Still recovering from my septoplasty surgery, so I’ve spent most of this beautiful Philadelphia Sunday sitting inside watching NHL Center Ice. I’ve just watched Marc Savard of the Bruins carried off the ice of Pittsburgh’s Mellon Arena on a stretcher, after left wing Matt Cooke tried to disconnect his head from his body.
Edit: new video below. This one’s less dramatic and shows more context.
As is far too common these days, Cooke saw that Savard was vulnerable, came in from his blind spot, and hit Savard in such a way as to maximize impact to the head – and, as is almost as common, there was no penalty on the ice. I expect Cooke will be suspended once the league reviews the hit, but in the meantime, the Bruins lose one of their most important offensive players, and the Penguins get to keep their two points. Cooke will lose a few games worth of pay, but he will ensure job stability in the salary-cap era by being a guy who will “deliver a big hit.”
It seems rare these days to get through a single NHL game without one of these hits, and I have to say that it’s become disgusting. I am a die-hard NHL fan, a defender of the hockey fight and the big hit, but I cannot stomach the way these players target each others’ heads, especially with the research that has recently been emerging about the long-term consequences of sports concussions. While league officials and GMs debate the merits of penalizing this kind of play, athletes are seeing their lives shortened and worsened by plays that should never be allowed in any reputable league.
Meanwhile, international hockey leagues carefully protect the heads of their players. As we recently saw in the Olympics, IIHF rules forbid players from playing without a helmet, and hand out swift justice for hits to the head. I do feel that the IIHF goes too far (if a player wants to continue playing without his helmet, for instance, I don’t see why that should be penalized) but I do think the NHL needs to take action – definitive, clear action – to stop the headhunting that pollutes this league.
My proposed solution for the NHL is as follows:
(1) Any hit that either (a) contacts only the head or (b) contacts the head before any other part of the body, whether intentional or unintentional on the part of the player initiating the hit, should be a minor penalty.
(2) Any hit where, in the referee’s determination, the player initiating the hit deliberately (a) targetted only the head or (b) targetted the head before any other part of the body should be a match penalty.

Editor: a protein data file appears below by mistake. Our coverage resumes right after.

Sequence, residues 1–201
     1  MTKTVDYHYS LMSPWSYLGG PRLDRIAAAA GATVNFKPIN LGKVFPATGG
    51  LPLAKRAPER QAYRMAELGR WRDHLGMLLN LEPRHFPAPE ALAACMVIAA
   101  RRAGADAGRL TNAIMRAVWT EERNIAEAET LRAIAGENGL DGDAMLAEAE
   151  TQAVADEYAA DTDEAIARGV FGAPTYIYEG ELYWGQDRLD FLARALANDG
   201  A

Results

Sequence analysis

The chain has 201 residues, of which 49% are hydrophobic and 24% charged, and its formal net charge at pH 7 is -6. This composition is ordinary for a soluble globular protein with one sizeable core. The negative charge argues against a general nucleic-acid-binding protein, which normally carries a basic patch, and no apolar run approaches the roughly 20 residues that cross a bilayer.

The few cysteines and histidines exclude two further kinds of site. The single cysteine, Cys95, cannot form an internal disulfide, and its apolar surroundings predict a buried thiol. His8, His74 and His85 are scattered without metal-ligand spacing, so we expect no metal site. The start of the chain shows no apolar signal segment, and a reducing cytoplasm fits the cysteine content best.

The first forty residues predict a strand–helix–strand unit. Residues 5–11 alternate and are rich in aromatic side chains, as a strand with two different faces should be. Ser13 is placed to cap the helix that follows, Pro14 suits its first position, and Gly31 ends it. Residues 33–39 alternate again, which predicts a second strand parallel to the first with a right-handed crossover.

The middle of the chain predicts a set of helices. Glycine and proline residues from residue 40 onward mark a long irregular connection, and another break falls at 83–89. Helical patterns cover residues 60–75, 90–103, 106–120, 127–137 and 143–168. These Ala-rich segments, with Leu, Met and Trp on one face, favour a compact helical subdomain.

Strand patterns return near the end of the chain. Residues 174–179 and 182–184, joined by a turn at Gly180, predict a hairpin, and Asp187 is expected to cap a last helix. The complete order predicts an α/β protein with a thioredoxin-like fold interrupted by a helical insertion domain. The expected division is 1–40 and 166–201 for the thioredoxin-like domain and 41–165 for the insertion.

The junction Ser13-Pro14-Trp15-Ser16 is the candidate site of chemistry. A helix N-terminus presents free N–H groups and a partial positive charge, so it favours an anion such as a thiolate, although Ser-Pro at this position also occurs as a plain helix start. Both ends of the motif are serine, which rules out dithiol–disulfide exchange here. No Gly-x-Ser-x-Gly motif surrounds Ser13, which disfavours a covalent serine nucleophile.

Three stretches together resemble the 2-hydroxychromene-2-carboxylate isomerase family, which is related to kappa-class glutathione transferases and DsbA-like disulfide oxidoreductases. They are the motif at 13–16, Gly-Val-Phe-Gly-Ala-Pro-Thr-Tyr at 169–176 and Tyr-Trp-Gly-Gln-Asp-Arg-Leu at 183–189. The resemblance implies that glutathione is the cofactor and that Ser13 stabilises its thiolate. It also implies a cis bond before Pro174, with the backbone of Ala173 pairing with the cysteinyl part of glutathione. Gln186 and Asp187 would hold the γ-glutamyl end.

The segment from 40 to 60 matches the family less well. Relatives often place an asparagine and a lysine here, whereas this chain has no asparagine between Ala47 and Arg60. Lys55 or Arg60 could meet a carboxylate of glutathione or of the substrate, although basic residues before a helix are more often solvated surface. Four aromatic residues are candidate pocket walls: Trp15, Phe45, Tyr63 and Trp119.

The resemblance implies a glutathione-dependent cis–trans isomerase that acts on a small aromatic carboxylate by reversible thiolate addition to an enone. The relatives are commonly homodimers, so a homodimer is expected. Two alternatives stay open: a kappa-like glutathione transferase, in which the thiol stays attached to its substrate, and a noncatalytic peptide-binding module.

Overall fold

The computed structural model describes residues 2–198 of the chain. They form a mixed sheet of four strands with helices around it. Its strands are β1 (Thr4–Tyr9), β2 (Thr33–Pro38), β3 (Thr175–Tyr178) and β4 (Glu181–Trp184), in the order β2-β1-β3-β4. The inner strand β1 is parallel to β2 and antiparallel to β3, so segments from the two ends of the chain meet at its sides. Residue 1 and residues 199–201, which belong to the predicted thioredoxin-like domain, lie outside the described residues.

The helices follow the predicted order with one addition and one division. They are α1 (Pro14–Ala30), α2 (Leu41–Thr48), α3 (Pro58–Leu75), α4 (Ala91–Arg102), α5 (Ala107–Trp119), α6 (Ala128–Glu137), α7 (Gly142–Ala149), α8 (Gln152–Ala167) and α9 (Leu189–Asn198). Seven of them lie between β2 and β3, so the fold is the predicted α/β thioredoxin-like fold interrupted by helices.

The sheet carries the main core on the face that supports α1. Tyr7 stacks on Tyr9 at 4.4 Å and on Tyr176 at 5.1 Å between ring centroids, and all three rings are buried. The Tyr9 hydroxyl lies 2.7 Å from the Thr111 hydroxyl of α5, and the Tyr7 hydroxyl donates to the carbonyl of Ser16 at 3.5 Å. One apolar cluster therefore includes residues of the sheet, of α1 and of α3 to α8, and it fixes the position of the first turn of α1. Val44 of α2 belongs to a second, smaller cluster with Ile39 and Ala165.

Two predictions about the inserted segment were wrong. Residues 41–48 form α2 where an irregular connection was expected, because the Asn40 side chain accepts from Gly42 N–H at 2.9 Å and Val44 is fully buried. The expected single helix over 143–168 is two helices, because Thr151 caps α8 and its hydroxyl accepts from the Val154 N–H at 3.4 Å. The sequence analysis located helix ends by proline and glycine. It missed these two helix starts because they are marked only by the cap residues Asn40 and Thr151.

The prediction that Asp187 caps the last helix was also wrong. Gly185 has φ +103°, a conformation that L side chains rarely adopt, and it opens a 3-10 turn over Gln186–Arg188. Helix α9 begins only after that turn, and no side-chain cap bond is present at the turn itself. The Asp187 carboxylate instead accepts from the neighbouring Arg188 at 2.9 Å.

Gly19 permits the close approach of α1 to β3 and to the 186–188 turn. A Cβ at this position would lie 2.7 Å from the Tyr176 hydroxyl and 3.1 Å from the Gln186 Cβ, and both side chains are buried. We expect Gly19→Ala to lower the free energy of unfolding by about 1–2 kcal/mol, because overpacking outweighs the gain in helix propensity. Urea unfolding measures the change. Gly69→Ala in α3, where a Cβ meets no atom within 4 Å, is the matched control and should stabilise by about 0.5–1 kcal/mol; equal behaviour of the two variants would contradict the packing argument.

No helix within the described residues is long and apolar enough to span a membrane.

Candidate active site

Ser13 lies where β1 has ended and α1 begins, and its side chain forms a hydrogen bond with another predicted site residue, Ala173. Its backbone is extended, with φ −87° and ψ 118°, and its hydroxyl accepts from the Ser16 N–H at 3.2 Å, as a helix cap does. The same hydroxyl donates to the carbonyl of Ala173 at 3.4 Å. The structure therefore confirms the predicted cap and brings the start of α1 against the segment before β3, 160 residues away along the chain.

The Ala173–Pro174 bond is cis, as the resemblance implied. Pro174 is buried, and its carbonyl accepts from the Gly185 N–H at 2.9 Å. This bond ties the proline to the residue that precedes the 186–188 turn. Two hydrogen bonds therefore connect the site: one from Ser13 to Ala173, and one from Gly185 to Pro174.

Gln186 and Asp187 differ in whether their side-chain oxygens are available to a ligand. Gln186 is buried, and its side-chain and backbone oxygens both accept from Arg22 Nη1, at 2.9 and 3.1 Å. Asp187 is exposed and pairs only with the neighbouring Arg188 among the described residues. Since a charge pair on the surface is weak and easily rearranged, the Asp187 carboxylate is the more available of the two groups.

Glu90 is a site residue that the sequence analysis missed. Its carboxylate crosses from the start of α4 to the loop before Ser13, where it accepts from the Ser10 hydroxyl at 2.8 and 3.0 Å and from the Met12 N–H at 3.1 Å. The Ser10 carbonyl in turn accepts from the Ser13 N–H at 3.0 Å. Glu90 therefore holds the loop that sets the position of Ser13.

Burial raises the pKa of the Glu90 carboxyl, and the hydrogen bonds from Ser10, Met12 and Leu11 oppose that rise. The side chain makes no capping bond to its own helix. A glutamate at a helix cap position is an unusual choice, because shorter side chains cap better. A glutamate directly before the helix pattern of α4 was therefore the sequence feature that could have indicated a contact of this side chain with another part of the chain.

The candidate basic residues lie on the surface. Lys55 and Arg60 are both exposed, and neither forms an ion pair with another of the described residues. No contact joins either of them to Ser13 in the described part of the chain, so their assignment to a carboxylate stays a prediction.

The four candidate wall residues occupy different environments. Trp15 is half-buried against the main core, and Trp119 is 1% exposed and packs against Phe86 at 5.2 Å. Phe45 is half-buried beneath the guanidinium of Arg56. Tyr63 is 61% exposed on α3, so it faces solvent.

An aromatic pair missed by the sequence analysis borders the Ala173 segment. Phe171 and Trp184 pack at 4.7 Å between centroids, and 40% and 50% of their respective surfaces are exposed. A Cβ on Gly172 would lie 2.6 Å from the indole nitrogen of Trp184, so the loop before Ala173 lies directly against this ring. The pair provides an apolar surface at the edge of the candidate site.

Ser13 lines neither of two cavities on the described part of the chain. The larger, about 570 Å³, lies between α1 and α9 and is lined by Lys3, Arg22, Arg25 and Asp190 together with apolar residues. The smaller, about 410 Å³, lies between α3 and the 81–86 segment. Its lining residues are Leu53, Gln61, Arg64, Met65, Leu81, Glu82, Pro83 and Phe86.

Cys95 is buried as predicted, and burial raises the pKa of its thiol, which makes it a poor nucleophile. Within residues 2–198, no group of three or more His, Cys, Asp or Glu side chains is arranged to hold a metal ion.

At this point, I believe it is safe to say that these sorts of hits will result in injury. Therefore, any player who intentionally hits in this fashion intends to injure the other player, which justifies a match penalty.
The main objection most people have to this argument is against the “unintentional” hits to the head. My response is that the NHL already awards a two-minute power play when a player (a) breaks the stick of an opponent, even unintentionally, or (b) clears the puck out of play, even unintentionally. I find it pretty hard to accept that a broken stick or puck out of play are less tolerable than a player’s health and career being risked with a hit to the head.
I have no wish to see hitting reduced in the NHL, but I do want to see these blind-side head-only or head-first hits stopped. I am tired of the argument that any hit where a guy keeps his skates on the ice and his elbows down is a “clean hit.” They are only “clean” because the rulebook says otherwise, which is a major oversight. Hockey players know how devastating those types of hits are, or they wouldn’t throw them so often. I do believe that a guy has to keep his head up, and I like to see the big hit against the player who watches his pass or skates with his head down across the blue-line – but I want that hit to be delivered to his body, or his hips, or his chest. I don’t want to see another player victimize him by clipping him across the head.
Until the NHL does something drastic about this kind of play, nothing is going to change, and the game will continue to suffer for it.
I finally got to see John Hillcoat and Joe Penhall’s film adaptation of Cormac McCarthy’s The Road this weekend, and I was not disappointed. McCarthy’s bleak post-apocalyptic father-and-son story is one of my favorite books. The film is extremely faithful, though sadly it leaves out the baby-eating, one of the most memorable scenes from the book. Not that we needed baby-eating. Laid out on the screen, the depravity and desperation of humans without a society are horrifying enough. My friend Alex, who had not read the book, cringed visibly throughout.
I’ve been enjoying Scott Kurtz’s webcomic “PVP” for almost a year now (and wishing I’d discovered the strip years sooner!) but today’s might be my favorite ever. Timing in cartooning is not the easiest thing, but this is masterful.
The joke might seem kind of obvious to those of you who are not fans, but it is very out-of-type for PVP and I never saw it coming.
Today I came across the Wikipedia entry for “eggcorn,” a recently-coined linguistic term that describes one of my ultimate pet peaves. I know I should be forgiving, but to my mind few things make a person seem stupid than the use of a term they have mis-heard or misunderstood, an “eggcorn.”
A few examples:
“For all intensive purposes”
“Once and a while”
“The spurt of the moment”
…and, of course, the eponymous “eggcorn.”